Update: This blog was updated from its original form to include comments from Lowell Siler and Michael Page.
It’s been more than a month since Durham County Commissioners voted unanimously to request a probe into actions by the board of the county social services board, and the service of the agency’s former director, Gerri Robinson. (Read the letter asking for the investigation, PDF)
The commissioners in September asked for an investigation by the state attorney general into matters surrounding Robinson’s firing in July, and the subsequent appointment of an interim director, Gail Perry. Perry joined the DSS Board last summer. At her first meeting, the board voted to fire Robinson. During the same meeting, Perry was appointed as the new interim director to replace Robinson.
But with the primary interest of the attorney general being criminal matters, the office chose not to delve into allegations such as ethics violations, a large part of what commissioners had wanted an investigator to dig into. The county also tapped a retired judge, but he turned the county down, Commissioner Joe Bowser said Wednesday at a meeting of the DSS Board.
Bowser said he would prefer to end the search for an investigator and drop the issue.
“I think what we have here is just a whole bunch of hot air,” Bowser said. “And when individuals look at it, they’re not going to be bothered with it. … As far as I’m concerned, there’s really nothing to be investigated. It was just a matter of trying to quiet those down who were doing the talking.”
Much of that “hot air” from September targeted Bowser. Supporters of Robinson said Bower led an unscrupulous effort to can Robinson, despite her receiving positive employee reviews from the DSS Board. Others questioned whether Perry joined the DSS Board and consented to Robinson’s firing with the foreknowledge she could be named Robinson’s replacement. In subsequent media reports, Michael Page, chairman of the Durham commissioners, also accused Bowser of trying to get Robinson to employ his friend. These accusations were among the many items to be investigated, commissioners agreed.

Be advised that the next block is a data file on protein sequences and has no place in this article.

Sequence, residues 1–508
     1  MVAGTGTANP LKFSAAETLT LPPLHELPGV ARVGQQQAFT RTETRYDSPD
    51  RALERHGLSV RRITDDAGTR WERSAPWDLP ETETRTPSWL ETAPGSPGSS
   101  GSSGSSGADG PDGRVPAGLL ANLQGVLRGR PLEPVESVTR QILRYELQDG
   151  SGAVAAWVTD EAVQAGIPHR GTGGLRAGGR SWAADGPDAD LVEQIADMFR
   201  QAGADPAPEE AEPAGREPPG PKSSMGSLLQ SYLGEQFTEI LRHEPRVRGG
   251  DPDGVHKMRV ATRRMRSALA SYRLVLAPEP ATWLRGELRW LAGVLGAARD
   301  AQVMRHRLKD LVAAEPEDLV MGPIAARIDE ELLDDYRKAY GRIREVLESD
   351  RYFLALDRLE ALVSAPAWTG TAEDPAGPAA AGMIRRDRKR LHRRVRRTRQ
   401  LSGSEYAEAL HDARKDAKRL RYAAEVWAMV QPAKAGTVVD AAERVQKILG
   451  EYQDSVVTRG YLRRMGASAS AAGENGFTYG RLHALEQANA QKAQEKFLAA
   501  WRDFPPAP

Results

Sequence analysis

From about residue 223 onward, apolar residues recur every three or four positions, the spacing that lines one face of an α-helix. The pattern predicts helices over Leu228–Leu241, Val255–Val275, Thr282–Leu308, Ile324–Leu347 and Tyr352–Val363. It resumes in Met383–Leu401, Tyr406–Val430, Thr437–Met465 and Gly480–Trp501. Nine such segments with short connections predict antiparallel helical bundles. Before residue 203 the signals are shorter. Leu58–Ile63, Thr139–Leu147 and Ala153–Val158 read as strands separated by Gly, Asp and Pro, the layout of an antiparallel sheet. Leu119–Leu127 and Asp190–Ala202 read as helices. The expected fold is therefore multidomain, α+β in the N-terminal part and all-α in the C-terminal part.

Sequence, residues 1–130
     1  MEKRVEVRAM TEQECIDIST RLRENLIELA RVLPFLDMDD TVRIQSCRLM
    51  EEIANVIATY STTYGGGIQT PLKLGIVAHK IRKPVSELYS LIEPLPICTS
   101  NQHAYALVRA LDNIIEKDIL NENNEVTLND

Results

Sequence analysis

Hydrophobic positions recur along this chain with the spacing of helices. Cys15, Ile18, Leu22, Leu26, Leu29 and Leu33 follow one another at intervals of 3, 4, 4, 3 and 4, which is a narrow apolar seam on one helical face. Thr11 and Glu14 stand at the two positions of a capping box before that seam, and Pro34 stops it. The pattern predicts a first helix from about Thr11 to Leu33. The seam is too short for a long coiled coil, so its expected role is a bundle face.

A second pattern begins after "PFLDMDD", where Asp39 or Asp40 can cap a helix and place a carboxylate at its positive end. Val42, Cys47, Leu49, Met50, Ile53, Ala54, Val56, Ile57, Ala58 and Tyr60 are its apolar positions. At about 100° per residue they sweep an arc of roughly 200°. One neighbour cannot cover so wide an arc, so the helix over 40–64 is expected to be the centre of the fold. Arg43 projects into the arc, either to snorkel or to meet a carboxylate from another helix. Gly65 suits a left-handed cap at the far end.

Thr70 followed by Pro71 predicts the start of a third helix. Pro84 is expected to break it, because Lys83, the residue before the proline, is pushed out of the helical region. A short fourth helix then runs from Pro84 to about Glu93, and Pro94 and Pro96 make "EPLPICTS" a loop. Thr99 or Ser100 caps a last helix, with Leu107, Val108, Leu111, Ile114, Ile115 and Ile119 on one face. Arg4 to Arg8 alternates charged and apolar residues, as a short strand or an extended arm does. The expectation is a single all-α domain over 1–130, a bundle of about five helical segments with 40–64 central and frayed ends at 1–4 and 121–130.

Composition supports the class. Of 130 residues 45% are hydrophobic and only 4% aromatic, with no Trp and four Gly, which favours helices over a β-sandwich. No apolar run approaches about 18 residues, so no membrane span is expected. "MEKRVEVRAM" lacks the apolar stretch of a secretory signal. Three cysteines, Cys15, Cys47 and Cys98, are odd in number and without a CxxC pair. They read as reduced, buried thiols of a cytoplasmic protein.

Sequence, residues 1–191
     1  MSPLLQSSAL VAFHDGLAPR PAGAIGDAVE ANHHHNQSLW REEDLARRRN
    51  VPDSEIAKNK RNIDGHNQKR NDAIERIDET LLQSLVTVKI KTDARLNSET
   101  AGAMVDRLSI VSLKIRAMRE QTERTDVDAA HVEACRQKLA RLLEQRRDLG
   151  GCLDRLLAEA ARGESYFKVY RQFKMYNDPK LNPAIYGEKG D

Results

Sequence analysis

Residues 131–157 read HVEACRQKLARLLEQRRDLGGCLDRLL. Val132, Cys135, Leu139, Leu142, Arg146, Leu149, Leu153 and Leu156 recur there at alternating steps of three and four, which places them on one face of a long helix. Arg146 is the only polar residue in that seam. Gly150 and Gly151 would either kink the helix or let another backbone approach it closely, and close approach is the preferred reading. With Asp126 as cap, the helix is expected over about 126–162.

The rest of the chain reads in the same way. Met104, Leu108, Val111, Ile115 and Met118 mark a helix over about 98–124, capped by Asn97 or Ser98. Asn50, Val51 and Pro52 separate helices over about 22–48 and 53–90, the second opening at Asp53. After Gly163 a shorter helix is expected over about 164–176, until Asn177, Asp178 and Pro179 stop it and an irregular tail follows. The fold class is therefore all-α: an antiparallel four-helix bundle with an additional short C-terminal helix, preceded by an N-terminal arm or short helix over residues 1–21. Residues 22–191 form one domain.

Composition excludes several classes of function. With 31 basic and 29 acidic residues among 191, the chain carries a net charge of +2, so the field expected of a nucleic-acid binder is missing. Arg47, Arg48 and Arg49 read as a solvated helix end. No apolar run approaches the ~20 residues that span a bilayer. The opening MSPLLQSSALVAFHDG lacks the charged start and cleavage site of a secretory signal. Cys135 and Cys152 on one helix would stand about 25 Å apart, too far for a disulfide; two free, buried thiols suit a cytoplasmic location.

Bowser said he would talk to his fellow commissioners to see if they all would agree dropping the matter.
“It appears that we’re moving forward quite nicely,” Bowser told the DSS Board. “We just don’t need that interruption and distraction at this point in time.”
Reached by phone later Wednesday, Page said the board would have to consider whether it would be willing to cease the investigation, but that he believes the ethics questions should be probed.
“The community deserves to know whether there’s legitimacy to those questions,” Page said. “The community deserves transparency from our government.” Page said he was scheduled to meet with County Attorney Lowell Siler to discuss what other individuals could lead the investigation. Siler confirmed Wednesday that he had previously asked a retired judge from another county to take up the investigation, but that person declined. Siler has been out of the office for several weeks on family leave and just returned this week, he said, so he hasn’t had an opportunity to approach other possible candidates to investigate.
In other matters Wednesday, Perry updated board members on an ethical issue regarding temporary employees at the social services department, which she corrected, she said. She recently discovered that an employee had hired, supervised and signed the timesheets for a relative who was working as a temporary employee, she told the board.
The employee has been disciplined, Perry said. She said she also worked with county attorneys to craft a policy statement in regards to working with relatives that has been distributed to the entire staff.